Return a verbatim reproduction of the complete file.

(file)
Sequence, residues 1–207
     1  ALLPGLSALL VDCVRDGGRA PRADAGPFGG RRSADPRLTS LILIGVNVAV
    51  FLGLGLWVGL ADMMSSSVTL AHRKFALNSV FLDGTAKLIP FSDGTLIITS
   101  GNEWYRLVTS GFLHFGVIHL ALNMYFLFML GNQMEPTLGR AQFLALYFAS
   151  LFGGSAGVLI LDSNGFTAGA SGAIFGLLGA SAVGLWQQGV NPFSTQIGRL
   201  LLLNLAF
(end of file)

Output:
Sequence, residues 1–207
     1  ALLPGLSALL VDCVRDGGRA PRADAGPFGG RRSADPRLTS LILIGVNVAV
    51  FLGLGLWVGL ADMMSSSVTL AHRKFALNSV FLDGTAKLIP FSDGTLIITS
   101  GNEWYRLVTS GFLHFGVIHL ALNMYFLFML GNQMEPTLGR AQFLALYFAS
   151  LFGGSAGVLI LDSNGFTAGA SGAIFGLLGA SAVGLWQQGV NPFSTQIGRL
   201  LLLNLAF